Both nocl and TeeRick seemed to have some resevations about AstraZeneca.  I would appreciate clarification and any updates on your thoughts.

Thanks.

M

 

The complete results of the trial were published today in Lancet. It appears Lancet is making that content available, and I'll probably download it, but it will be complex to interpret if you don't have a background.

 

The editors of Lancet also published a commentary on the trial, also available to download. It was summarized in the Post today, but here's the link to Lancet https://www.thelancet.com/lancet/article/s0140-6736(20)32623-4

 

You can download the PDF and read. I've started it. The WaPo summary is there's a belief that the product will be useful, and it's less expensive to produce and easier to store and transport. It also doesn't appear to be as effective (efficacy 62%), and the trial doesn't appear to have enough over 55 and over 70 participants to assess efficacy in those age groups.

 

AstraZeneca arguably had the most complex clinical trial protocol of any of the vaccine candidates (maybe the most complex I've ever seen; nocl, TeeRick and a few others around here have more experience with that than I do) and that may now be complicating interpretation of their data. And they had the "goof" of a small number of participants receiving a low dose first vaccine, and that group, too small to really evaluate, had the best response (90% efficacy) and including them in the aggregate pushed the efficacy to 70%. But none of the over 55 or over 70 participants were in that group.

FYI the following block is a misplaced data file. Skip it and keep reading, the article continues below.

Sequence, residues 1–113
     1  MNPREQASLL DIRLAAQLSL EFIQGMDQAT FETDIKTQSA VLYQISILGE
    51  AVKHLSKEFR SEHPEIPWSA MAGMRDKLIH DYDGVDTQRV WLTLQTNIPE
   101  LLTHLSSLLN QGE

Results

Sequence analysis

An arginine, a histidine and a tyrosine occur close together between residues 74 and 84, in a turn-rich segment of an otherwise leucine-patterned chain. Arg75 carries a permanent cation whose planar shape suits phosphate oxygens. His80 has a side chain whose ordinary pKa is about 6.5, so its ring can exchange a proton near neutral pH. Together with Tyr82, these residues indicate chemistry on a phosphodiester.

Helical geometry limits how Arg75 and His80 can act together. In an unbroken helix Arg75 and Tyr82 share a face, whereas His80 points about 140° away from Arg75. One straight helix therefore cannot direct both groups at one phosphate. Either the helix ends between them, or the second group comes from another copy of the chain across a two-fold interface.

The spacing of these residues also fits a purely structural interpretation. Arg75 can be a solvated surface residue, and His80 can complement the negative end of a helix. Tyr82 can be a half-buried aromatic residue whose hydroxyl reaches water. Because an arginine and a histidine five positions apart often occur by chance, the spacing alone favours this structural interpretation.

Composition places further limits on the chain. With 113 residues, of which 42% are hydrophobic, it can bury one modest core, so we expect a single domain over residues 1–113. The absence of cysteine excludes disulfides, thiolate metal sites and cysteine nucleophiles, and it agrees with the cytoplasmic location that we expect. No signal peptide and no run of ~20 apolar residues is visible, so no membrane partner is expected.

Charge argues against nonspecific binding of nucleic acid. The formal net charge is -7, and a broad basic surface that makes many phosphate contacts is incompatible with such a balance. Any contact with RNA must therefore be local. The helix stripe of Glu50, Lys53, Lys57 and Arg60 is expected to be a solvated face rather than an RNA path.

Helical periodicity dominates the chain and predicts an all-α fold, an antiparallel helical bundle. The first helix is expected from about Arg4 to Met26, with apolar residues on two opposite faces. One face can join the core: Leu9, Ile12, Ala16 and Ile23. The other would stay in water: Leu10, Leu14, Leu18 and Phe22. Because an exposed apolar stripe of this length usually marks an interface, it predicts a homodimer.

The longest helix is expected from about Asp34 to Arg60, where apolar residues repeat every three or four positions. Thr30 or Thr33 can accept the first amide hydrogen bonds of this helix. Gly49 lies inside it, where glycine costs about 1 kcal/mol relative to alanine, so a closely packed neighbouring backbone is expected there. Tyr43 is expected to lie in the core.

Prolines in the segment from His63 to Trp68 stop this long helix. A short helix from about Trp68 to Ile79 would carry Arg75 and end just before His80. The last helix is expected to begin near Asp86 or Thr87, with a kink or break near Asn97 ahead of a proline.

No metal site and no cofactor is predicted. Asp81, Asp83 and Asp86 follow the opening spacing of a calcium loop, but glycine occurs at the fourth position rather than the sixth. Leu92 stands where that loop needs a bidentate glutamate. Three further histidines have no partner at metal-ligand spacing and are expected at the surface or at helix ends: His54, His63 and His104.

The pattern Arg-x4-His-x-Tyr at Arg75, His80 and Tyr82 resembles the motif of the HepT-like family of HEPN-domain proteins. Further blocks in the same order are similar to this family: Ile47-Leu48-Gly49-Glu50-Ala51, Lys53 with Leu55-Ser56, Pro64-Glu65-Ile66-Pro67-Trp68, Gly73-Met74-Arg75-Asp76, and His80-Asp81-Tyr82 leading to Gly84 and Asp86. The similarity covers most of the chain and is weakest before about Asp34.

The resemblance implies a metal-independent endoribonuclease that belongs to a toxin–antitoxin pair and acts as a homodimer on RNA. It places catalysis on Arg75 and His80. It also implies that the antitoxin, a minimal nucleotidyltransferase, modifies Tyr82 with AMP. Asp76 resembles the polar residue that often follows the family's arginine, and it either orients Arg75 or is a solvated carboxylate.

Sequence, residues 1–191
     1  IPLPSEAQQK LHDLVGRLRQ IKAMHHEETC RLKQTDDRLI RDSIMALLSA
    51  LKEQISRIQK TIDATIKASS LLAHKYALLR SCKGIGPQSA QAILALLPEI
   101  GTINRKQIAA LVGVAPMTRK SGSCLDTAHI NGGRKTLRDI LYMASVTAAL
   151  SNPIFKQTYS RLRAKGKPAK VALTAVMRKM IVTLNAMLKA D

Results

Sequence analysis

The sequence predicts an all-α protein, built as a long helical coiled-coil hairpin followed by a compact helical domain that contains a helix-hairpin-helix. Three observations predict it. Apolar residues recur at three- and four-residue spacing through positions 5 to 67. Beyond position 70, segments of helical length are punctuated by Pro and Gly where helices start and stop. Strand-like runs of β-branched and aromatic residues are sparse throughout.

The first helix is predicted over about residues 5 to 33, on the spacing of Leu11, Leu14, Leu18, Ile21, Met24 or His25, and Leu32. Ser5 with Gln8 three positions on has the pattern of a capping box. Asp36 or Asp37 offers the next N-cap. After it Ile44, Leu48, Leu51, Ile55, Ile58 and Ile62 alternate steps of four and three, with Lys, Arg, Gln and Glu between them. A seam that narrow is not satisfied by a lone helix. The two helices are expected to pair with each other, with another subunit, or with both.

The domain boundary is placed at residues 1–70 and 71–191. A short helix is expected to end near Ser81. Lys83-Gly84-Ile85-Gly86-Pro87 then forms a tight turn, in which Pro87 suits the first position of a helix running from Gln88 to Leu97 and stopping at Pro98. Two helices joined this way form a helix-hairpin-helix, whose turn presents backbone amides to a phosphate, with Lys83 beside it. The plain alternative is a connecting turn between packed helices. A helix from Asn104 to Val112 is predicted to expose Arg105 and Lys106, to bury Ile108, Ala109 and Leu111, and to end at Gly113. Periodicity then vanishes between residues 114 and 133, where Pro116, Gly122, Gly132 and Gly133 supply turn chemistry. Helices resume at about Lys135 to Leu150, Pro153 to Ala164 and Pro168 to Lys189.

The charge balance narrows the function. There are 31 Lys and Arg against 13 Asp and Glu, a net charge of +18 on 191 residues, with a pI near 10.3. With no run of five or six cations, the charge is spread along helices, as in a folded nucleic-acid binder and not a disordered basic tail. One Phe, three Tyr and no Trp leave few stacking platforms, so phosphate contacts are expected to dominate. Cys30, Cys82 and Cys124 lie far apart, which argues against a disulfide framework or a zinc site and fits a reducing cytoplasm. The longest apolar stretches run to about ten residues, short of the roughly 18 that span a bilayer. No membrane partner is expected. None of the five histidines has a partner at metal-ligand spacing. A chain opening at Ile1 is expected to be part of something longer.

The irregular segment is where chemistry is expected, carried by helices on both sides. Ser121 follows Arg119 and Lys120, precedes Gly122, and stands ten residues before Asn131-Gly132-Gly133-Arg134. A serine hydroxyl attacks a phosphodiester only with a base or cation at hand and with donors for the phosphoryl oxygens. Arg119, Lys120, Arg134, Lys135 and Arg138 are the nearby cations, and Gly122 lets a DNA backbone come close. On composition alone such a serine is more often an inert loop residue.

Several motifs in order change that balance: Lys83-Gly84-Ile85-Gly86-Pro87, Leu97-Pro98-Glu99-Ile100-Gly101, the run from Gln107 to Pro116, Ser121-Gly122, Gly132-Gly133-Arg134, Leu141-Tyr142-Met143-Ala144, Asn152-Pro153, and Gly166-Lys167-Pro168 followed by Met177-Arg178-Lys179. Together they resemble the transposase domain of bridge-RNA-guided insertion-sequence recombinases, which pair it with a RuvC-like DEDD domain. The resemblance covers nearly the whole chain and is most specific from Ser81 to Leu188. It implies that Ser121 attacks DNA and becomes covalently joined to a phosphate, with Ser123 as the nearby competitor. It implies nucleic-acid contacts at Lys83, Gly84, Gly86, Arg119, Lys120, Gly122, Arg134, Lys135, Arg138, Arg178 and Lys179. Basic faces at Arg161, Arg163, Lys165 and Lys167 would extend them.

Personal opinion is they're not in anywhere near as good of shape as Pfizer and Moderna for a fast track to EUA and licensure, and I can't imagine that they won't have to repeat part of the trial to explain the low/high effect. Most of us suspect that if that effect is real it will ultimately prove to be immune modulation from the Chimp adenovirus vector; other adenovirus vectored candidates are using a human virus and it should be less likely to produce that effect. Different regulatory agencies around the world can have different interpretations, but the FDA is historically a very risk adverse organization, and with two 95% effective products almost certainly now being recommended for emergency use (the FDA staff review confirms Pfizer's interpretation of data), a potentially less effective product with a so far unexplainable dose effect seems much less likely to get emergency use in the US.

 

None of that means it's a bad vaccine or that it won't ultimately be licensed. The storage requirements will make it especially useful in less developed parts of the world. But if the J&J product, for instance, has the same efficacy without the low dose/high dose effect, and is just as easily stored and transported...

 

A little long. I think this glass is half full, but with more caveats than I expected a few months ago.

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3 hours ago, boscobeans said: